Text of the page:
The notion that there should be seven days of the week, each named after celestial bodies in astronomy, was adopted by the Greeks and then by the Romans. 

They were one of several civilizations in Late Antiquity to adapt these deities to their own belief systems. 

The word in English for the fifth day of the week, Friday, was Aphrodite to the Greeks and Venus to the Romans, in each case, the goddess of love and beauty.

In Romance languages, the day is named after derivatives of Venus, vendredi, venerdì, and so on.

The process of Germanic societies using their own deities to replace Roman gods and goddesses probably took place around the first century, but this is a source of great academic conjecture.

Interpretatio germanica, as it's called, is best illustrated by the names of the days of the week, which we use in English today.

Friday is derived from the Germanic goddess of marriage, motherhood, and clairvoyance, Frigg or Frigga. 

Frigg or Freyja?

Wife of Óðr in Nordic mythology and possibly the god Odin, too, Frigg has several variations across the Germanic world, Frija in Old High German, Frig in Old English, and Fri in Old Saxon. Whether she is the same deity as the Scandinavian Freyja has long been the subject of great debate. 

Certainly, there are plenty of similarities, and in terms of her remit as a goddess. A common trait shared between the Germanic Frigg and the Nordic Freyja is that of weaving. 

Norse Freyja, from the group of gods known as Vanir, is most associated with fertility and clairvoyance. She is cited in both the Prose Edda and the Poetic Edda, the latter work of a series of narrative poems in Old Norse, considered a masterpiece of world literature. Both are vital sources for our contemporary knowledge of Norse mythology.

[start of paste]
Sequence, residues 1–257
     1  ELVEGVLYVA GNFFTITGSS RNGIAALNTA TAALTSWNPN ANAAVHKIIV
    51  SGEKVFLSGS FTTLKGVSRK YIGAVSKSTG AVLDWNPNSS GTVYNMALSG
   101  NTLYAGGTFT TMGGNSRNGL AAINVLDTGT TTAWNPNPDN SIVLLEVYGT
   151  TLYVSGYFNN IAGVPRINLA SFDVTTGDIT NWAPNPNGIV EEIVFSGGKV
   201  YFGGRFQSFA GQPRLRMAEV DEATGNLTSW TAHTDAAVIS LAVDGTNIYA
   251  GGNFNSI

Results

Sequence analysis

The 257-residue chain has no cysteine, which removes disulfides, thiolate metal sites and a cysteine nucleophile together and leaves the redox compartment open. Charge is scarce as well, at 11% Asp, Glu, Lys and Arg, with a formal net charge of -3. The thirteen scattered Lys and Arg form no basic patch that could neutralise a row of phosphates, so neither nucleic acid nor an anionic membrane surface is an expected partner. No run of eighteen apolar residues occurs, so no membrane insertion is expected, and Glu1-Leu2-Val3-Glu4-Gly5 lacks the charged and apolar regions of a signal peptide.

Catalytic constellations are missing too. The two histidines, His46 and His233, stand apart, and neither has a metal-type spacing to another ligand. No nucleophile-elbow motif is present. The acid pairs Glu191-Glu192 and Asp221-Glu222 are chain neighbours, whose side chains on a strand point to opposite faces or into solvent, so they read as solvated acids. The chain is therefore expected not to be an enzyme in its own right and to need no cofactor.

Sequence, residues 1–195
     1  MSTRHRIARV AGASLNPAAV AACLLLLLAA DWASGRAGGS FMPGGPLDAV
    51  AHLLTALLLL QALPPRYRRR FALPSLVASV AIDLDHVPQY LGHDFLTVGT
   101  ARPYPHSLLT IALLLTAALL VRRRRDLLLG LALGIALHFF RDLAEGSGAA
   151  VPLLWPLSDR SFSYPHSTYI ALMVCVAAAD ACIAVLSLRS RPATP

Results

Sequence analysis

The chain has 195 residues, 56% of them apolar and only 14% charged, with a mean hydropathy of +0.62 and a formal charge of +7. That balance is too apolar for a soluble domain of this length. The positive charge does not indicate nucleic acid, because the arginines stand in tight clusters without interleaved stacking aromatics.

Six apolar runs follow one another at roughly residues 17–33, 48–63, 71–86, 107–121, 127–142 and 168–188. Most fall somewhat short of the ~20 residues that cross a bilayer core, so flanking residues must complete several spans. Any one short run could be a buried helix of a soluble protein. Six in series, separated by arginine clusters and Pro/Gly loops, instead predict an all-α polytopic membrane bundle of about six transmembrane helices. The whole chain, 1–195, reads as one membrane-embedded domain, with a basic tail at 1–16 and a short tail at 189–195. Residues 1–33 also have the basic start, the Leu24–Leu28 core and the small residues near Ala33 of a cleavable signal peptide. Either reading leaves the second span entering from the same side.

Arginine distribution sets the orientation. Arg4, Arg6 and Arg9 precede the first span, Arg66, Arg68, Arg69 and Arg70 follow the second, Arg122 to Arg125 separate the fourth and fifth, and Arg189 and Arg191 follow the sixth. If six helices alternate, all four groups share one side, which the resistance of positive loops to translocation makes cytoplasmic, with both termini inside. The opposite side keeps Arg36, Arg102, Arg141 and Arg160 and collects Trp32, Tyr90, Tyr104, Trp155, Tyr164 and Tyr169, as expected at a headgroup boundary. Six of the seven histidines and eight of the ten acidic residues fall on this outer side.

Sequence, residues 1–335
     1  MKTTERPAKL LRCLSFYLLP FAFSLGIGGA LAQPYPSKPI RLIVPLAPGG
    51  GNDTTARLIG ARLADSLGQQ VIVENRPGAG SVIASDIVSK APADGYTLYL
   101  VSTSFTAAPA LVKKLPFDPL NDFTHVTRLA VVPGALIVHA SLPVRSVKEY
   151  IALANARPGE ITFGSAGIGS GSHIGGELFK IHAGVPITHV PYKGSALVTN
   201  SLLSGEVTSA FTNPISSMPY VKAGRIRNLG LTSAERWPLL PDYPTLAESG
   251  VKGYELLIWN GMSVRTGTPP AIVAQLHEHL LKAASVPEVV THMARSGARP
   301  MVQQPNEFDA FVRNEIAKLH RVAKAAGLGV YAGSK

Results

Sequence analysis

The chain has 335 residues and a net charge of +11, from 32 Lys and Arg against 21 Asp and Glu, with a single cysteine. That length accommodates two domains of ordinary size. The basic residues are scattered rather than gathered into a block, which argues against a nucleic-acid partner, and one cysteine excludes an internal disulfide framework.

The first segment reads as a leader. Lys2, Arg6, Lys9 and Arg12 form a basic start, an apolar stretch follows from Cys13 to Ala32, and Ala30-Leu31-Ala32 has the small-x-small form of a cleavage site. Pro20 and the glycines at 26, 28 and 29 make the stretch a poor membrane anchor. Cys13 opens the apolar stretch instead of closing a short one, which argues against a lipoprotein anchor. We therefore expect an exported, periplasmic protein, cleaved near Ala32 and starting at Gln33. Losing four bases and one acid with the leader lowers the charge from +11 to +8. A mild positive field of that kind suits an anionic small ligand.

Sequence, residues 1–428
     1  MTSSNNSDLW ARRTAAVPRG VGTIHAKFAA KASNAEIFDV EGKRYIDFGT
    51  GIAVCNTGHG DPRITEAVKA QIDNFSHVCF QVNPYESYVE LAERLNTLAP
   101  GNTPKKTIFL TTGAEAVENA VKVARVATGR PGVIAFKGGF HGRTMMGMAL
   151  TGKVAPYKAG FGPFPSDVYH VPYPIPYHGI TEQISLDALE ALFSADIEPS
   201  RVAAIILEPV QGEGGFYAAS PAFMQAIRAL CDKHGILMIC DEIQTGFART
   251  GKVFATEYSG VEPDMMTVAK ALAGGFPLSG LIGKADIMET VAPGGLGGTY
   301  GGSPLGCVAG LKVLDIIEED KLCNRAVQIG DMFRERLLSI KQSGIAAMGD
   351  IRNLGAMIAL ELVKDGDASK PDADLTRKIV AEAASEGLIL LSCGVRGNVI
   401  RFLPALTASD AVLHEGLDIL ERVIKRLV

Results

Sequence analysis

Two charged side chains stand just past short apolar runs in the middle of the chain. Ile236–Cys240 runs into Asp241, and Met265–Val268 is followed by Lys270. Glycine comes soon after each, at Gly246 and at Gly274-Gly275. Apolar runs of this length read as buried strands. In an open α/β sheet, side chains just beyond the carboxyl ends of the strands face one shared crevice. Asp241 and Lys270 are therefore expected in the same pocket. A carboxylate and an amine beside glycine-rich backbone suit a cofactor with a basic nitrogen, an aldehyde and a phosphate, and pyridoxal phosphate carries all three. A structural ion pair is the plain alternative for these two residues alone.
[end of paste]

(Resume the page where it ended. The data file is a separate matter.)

Both date back to the 1200s CE. The earliest known manuscript of the prosaic work, known simply as Edda until the Poetic one was compiled, is kept at the University Library in Uppsala, Sweden

It dates back to around a century after Edda was written by Icelandic historian and poet Snorri Sturluson as an instructive textbook on the poetic meter for later authors. A slightly later copy can be found at the Árni Magnússon Institute for Icelandic Studies in Reykjavík

The so-called Prose Edda is laid out in four volumes and begins with a prologue in which both Odin and his wife are described as being gifted with second sight.

The Poetic Edda, while a later manuscript, relies on earlier material for its sources. Some narrative poems are reproduced in the extremely rare Codex Regius, written in the 1270s but only discovered in 1643. 

Containing 31 poems, it too is held in the Árni Magnússon Institute for Icelandic Studies.

How the world was created

The best-known, also quoted in the Prose Edda, involves Freyja. Völuspá describes the creation of the world and its rebirth, as related by a lady seer or völva, to Odin. 

Raised by ancient giants, she describes an empty world before the sons of Burr raised the Earth from the sea and the AEsir, a clan of gods separate from the Vanir, set in place the stars, sun, and moon.

During the creation of the first man and woman, Ask and Embla, and Yggdrasil, the World Tree, the AEsir and the Vanir come to blows.

The origins of Freyja, being handed to the giants, are then related, as well as the tale of how the one-eyed Odin lost half his sight in the pursuit of knowledge.